Bulloch apparently had no misgivings about this system, at least not as far as Cato and Judy were concerned. Perhaps they had cultivated his trust over time, anticipating when they might have an opportunity to make their escape. Bulloch issued he couple “a written license … to come to town, and thee to work for a month from the 13th day of June last.” He expected them to return after a month, with their wages to hand over to him. To Bulloch’s dismay, however, Cato and Judy “have not been seen or heard of since.” Apparently the couple did not make any pretense of arriving in Savannah and seeking work. Instead, they fled at the earliest opportunity in order for their disappearance to go unnoticed as long as possible, increasing their chances for making good on their escape. Bulloch eventually discovered the subterfuge and offered a reward for their capture and return.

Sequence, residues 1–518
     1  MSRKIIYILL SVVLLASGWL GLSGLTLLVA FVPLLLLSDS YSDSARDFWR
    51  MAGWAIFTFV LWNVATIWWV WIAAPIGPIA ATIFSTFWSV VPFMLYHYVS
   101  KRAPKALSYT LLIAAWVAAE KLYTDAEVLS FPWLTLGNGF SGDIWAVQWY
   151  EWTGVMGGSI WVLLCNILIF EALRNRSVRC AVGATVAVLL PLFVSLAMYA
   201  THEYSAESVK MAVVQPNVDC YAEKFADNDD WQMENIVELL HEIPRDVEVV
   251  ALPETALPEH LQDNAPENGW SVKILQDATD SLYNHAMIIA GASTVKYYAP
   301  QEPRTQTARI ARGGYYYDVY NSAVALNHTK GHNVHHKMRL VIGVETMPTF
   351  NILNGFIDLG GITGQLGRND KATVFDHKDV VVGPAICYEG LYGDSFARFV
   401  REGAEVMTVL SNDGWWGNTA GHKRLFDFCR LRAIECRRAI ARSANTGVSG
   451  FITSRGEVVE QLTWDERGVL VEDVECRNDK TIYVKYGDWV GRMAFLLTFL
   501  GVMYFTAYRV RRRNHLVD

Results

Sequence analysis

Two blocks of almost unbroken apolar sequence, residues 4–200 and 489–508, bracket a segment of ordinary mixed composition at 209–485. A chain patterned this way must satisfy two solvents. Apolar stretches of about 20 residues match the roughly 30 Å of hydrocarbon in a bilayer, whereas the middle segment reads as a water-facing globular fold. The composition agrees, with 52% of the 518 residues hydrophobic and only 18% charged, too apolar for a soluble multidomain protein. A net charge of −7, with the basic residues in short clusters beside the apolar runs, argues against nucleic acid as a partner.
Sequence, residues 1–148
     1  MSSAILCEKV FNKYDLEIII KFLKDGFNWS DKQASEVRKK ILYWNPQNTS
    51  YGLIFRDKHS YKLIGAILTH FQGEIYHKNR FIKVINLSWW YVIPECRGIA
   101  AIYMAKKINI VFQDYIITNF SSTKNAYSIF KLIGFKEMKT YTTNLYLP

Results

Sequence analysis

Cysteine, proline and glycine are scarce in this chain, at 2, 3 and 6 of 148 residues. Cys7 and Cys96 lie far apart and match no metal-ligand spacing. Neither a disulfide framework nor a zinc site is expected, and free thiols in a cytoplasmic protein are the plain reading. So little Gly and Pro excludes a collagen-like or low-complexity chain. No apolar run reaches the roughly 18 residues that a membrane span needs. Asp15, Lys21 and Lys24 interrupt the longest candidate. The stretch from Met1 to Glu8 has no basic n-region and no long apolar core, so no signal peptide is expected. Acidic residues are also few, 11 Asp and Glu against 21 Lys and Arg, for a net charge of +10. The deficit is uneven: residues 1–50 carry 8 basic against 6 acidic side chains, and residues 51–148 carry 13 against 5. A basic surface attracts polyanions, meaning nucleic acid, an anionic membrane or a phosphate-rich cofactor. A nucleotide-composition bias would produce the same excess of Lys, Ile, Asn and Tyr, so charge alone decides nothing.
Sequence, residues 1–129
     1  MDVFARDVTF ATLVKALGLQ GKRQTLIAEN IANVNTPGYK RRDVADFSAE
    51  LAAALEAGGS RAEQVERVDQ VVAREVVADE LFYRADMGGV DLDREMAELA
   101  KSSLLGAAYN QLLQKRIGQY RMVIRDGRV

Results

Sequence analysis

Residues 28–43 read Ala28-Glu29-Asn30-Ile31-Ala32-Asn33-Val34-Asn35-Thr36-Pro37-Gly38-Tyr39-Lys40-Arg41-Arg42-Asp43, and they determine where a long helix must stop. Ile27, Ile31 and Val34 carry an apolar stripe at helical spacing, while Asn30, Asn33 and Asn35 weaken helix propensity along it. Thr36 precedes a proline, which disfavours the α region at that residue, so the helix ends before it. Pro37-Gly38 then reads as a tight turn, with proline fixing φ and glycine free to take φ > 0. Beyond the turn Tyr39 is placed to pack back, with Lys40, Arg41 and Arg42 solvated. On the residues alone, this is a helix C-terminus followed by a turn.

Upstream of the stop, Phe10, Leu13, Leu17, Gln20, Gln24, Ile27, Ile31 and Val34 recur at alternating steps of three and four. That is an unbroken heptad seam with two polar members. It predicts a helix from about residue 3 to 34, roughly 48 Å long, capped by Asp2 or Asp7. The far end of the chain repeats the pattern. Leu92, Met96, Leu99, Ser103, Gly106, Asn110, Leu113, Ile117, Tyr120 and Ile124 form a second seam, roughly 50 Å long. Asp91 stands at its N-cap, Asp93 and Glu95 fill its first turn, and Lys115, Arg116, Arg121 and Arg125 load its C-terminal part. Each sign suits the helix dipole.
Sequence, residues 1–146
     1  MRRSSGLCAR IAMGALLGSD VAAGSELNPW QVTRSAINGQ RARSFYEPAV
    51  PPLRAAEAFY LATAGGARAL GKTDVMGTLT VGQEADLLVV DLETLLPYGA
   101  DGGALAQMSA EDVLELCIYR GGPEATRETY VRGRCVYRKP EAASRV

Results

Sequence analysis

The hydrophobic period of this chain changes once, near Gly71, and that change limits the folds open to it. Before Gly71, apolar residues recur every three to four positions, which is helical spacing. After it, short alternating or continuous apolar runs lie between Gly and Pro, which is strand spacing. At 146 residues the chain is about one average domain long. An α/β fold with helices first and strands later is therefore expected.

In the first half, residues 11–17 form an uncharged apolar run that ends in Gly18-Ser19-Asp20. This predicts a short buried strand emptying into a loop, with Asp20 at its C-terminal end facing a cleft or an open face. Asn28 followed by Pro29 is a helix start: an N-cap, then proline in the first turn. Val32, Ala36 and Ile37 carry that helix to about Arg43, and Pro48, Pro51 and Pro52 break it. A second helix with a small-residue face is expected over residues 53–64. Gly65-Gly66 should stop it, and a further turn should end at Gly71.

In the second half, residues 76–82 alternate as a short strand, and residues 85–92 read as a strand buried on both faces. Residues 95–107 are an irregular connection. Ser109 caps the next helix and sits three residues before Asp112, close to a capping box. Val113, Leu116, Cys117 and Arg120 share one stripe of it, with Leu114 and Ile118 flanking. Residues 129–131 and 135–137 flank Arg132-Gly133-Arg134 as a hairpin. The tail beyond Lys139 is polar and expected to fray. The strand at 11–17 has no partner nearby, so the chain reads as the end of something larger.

Although filtered through the perspective of slaveholders, advertisements for runaway slaves present striking stories of survival and resistance by enslaved men and women. The same issue of the Georgia Gazette that first provided an account of Cato and Judy’s escape also included three other advertisements for runaway slaves: Pedro “of the Angola country,” who “has the upper part of his right ear cut off,” possibly as a disciplinary measure; Chloe, who “has her country marks on both her cheeks” and spoke little English; and Ben, who “has been for some time sickly.” The advertisements do not provide as much information about any of these fugitives, making it more difficult to reconstruct their stories. Still, these advertisements demonstrate that enslaved men and women did not meekly accept their fate but instead sought to change their condition.